I'm guessing you're bumping up against the 512 byte limit on characteristic length. You'll need to move to subscriptions to characteristics and processing of updates to get around this:

On the central:

  1. Subscribe to the characteristic by calling -[CBPeripheral setNotifyValue:forCharacteristic] (with YES as the notify value).

  2. In -peripheral:didUpdateValueForCharacteristic:error, every update will either be data to append, or something you choose to use on the peripheral side to indicate end-of-data (I use an empty NSData for this). Update your -peripheral:didUpdateValueForCharacteristic:error code so that:

    • If you're starting to read a value, initialize a sink for the incoming bytes (e.g. an NSMutableData).
    • If you're in the middle of reading a value, you append to the sink.
    • If you see the EOD marker, you consider the transfer complete. You may wish to unsubscribe from the characteristic at this state, by calling -[CBPeripheral setNotifyValue:forCharacteristic] with a notify value of NO.
  3. -peripheral:didUpdateNotificationStateForCharacteristic:error: is a good spot to manage the initialization and later use of the sink into which you read chunks. If characteristic.isNotifying is updated to YES, you have a new subscription; if it's updated to NO then you're done reading. At this point, you can use NSKeyedUnarchiver to unarchive the data.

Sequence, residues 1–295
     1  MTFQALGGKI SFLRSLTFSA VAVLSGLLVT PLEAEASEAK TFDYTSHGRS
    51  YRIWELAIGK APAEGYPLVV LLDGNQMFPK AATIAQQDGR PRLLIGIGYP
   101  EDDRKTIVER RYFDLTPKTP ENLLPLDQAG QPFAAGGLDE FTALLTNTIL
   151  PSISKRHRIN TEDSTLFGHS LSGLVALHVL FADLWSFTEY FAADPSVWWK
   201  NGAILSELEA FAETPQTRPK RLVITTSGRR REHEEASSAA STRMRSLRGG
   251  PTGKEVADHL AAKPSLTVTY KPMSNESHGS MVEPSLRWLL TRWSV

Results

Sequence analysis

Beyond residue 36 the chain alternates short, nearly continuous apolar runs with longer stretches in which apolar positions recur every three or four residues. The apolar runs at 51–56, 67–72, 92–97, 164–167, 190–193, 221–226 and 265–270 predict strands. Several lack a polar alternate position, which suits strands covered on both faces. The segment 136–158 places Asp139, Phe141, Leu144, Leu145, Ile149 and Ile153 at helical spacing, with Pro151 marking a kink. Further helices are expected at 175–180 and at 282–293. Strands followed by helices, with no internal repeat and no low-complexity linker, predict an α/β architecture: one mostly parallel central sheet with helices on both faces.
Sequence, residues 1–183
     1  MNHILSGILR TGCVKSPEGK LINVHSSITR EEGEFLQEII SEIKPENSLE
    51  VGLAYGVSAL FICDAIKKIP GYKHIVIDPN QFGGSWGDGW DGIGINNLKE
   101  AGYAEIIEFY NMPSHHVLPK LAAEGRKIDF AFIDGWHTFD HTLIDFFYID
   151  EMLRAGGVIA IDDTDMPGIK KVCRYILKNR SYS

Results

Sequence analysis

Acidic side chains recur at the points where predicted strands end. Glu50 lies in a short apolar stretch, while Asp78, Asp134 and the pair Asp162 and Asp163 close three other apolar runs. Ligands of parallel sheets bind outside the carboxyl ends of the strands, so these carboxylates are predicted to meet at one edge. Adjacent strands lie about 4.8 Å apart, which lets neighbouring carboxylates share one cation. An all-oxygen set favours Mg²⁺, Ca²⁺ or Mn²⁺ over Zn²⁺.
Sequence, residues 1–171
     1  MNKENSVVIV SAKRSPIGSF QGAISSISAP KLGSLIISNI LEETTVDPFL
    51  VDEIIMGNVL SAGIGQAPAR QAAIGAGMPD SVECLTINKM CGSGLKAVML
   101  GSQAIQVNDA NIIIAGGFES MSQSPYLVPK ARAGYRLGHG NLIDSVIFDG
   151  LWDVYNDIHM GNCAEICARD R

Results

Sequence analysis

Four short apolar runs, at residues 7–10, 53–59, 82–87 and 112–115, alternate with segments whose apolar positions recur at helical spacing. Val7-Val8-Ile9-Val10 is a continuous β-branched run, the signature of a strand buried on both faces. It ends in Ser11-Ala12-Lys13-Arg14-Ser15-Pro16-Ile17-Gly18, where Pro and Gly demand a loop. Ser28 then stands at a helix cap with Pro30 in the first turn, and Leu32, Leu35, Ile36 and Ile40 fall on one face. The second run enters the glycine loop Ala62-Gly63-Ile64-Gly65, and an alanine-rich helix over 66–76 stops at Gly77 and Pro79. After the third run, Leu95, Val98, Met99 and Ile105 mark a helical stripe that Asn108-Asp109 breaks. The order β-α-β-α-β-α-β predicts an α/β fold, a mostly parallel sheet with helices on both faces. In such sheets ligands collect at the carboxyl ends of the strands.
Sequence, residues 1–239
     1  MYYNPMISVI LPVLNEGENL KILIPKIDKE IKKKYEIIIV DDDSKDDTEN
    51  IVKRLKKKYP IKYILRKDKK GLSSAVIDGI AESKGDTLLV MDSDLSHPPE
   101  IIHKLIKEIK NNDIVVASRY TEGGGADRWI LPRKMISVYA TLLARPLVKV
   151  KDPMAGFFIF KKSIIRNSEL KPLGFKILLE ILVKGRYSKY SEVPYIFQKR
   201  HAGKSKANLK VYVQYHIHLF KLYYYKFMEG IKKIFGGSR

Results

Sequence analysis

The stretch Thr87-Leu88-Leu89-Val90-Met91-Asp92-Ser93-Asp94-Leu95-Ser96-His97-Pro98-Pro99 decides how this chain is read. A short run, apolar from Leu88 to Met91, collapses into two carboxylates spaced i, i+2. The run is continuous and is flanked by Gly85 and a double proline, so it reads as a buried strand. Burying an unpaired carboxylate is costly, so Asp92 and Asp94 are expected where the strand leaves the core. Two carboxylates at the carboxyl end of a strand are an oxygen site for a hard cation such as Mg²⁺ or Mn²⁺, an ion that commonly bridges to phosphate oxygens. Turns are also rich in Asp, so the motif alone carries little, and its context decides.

On the peripheral:

  1. In -[CBMutableCharacteristic initWithType:properties:value:permissions], make sure the properties value includes CBCharacteristicPropertyNotify.

  2. Use -peripheralManager:central:didSubscribeToCharacteristic: to kick off the chunking send of your data, rather than -peripheral:didReceiveReadRequest:result:.

  3. When chunking your data, make sure your chunk size is no larger than central.maximumUpdateValueLength. On iOS7, between an iPad 3 and iPhone 5, I've typically seen 132 bytes. If you're sending to multiple centrals, use the least common value.

  4. You'll want to check the return code of -updateValue:forCharacteristic:onSubscribedCentrals; if underlying queue backs up, this will return NO, and you'll have to wait for a callback on -peripheralManagerIsReadyToUpdateSubscribers: before continuing (this is one of the burrs in an otherwise smooth API, I think). Depending upon how you handle this, you could paint yourself into a corner because:

  5. If you're constructing and sending your chunks on the same queue that the peripheral is using for its operations, AND doing the right thing and checking the return value from -updateValue:forCharacteristic:onSubscribedCentrals:, it's easy to back yourself into a non-obvious deadlock. You'll either want to make sure that you yield the queue after each call to -updateValue:forCharacteristic:onSubscribedCentrals:, perform your chunking loop on a different queue than the peripheral's queue (-updateValue:forCharacteristic:onSubscribedCentrals: will make sure its work is done in the right place). Or you could get fancier; just be mindful of this.

To see this in action, the WWDC 2012 Advanced Core Bluetooth video contains an example (sharing VCards) that covers most of this. It doesn't however, check the return value on the update, so they avoid the pitfalls in #4 altogether.

Hope that helps.